Since 2003, New Zealand CVD risk management guidelines have recommended that men aged 45 years or older (10 years later for women; 10 years earlier for subpopulations at increased risk: those of Māori, Pacific, or South Asian ethnicity and individuals with known CVD risk factors) have a regular CVD risk assessment.15 Whether a person visiting the primary care clinic has his or her CVD risk assessed, and therefore whether he or she enters the cohort, is at the discretion of the primary care clinician. Most primary care physicians receive alerts advising them of individual patient eligibility for CVD risk assessment.15
Data up to 2015 indicate that approximately 80% of people eligible for CVD risk assessment (according to national guidelines17) in practices using the PREDICT program had their CVD risk assessed using this software.15 This program is in use by 35% to 40% of New Zealand primary care practices, and these practices serve approximately 1.6 million people, approximately 35% of the New Zealand resident population.15 The only exclusion criterion for the program is current pregnancy, and no decision support is provided for patients younger than 18 years.15
Study entry occurred between August 27, 2002, and June 30, 2015, and the study end date was December 31, 2015, to provide a minimum 6-month follow-up period across all data sources. People were censored at the earliest date on which they had a first major bleeding event, died, or met any of the baseline cohort exclusion criteria or the study end date.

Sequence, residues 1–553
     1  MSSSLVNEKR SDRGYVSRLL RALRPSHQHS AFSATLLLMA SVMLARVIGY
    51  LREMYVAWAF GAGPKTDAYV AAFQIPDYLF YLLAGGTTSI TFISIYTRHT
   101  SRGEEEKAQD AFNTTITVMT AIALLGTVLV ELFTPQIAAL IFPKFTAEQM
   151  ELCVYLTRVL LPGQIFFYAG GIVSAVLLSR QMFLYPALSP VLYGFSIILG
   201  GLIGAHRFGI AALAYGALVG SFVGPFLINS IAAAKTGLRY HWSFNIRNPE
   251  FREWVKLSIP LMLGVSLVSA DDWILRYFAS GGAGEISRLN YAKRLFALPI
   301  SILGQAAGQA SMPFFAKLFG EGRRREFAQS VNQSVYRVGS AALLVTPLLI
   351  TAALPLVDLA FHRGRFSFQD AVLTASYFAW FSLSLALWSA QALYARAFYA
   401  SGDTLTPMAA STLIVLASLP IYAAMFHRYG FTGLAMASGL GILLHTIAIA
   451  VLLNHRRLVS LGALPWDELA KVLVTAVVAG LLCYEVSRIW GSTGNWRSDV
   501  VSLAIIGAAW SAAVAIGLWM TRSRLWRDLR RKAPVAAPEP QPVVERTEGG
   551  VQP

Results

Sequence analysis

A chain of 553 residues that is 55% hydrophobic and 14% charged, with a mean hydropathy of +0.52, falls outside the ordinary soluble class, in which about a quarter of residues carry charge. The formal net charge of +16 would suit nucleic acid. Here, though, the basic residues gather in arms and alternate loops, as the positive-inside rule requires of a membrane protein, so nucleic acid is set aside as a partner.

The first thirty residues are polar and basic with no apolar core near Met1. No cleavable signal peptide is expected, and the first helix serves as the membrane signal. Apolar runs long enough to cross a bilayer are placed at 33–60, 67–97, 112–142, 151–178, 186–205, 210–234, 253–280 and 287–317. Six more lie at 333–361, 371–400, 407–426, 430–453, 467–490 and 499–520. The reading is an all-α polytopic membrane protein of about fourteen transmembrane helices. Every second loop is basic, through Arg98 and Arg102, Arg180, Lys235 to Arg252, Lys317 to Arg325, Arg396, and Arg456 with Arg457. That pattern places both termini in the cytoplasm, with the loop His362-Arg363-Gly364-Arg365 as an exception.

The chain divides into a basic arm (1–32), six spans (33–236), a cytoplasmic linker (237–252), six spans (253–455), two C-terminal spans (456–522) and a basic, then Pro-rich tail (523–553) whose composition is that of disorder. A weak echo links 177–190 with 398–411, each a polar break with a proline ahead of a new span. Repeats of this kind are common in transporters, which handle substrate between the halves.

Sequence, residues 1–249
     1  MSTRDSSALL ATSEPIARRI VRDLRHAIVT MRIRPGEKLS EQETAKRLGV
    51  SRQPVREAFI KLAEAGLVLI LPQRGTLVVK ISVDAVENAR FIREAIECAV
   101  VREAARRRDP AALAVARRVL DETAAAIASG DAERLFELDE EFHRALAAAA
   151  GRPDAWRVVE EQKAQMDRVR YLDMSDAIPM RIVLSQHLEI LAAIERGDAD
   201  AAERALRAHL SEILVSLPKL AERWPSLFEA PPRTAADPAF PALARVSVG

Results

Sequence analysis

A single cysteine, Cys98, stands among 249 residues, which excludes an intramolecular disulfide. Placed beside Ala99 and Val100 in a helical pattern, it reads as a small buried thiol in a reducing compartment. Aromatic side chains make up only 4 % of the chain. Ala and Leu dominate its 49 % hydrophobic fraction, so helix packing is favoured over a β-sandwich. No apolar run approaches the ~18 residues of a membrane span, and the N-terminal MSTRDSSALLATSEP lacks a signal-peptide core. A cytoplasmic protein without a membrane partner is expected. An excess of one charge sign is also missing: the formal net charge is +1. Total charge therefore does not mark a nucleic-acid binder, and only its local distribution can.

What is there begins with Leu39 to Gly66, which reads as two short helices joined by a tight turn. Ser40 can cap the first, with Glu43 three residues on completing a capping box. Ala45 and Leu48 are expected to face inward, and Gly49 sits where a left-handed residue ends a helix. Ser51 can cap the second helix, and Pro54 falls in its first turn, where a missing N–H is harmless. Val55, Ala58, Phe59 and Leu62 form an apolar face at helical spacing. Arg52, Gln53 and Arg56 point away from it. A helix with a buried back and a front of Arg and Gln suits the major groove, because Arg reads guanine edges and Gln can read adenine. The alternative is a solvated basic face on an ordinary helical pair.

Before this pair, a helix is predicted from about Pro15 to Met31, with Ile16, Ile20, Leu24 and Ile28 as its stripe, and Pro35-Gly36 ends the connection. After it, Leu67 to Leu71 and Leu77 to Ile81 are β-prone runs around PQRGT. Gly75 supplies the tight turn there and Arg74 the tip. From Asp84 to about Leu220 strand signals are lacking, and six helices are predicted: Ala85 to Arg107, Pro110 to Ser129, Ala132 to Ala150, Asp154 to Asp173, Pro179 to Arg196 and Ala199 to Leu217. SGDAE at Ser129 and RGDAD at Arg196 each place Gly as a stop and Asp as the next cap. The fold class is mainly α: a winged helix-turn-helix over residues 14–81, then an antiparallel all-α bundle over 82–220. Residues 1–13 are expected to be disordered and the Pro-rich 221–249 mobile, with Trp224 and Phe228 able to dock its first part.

Data on cardiovascular risk factors (including age, sex, smoking status, diabetes status, blood pressure, body mass index, and cholesterol levels), history (including CVD, atrial fibrillation, and diabetes with renal disease), and medication use (including aspirin) were obtained during the index CVD risk assessment. During CVD risk assessment, an electronic risk profile is stored both in the practice management system and anonymously on a central database. With the permission of clinicians, this profile is linked to an encrypted National Health Index number, which is used to anonymously link the profile to national and regional databases. Further information on definitions of the risk factors is provided in eTables 1 through 4 in the Supplement.
National databases were used to obtain demographic data (age, sex, self-identified ethnicity, and socioeconomic deprivation),18 deaths,19 publicly funded hospitalizations (from 1988 onward),20 and subsidized pharmaceutical dispensing (from 2005 onward).21 Ethnicity data were included because people of Māori, Pacific, and South Asian ethnicity are at increased risk of CVD and were collected using an open-ended question. Laboratory test results were obtained from TestSafe, a regional laboratory repository for all tests undertaken among people in both the hospital and the community, with coverage of nearly all study cohort members since 2005.15